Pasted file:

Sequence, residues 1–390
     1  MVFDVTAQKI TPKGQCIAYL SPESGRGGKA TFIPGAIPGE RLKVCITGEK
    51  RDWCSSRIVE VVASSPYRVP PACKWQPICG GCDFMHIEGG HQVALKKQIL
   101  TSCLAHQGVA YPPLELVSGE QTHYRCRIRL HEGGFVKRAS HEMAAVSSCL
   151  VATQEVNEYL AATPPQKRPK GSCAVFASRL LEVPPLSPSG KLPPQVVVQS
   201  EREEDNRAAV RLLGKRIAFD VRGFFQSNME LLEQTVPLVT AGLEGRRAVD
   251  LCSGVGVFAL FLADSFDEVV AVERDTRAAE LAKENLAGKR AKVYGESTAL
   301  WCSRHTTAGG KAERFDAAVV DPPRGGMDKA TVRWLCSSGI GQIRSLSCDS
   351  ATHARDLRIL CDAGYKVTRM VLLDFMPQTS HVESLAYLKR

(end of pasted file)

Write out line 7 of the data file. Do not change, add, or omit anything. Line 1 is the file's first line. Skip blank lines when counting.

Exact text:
   251  LCSGVGVFAL FLADSFDEVV AVERDTRAAE LAKENLAGKR AKVYGESTAL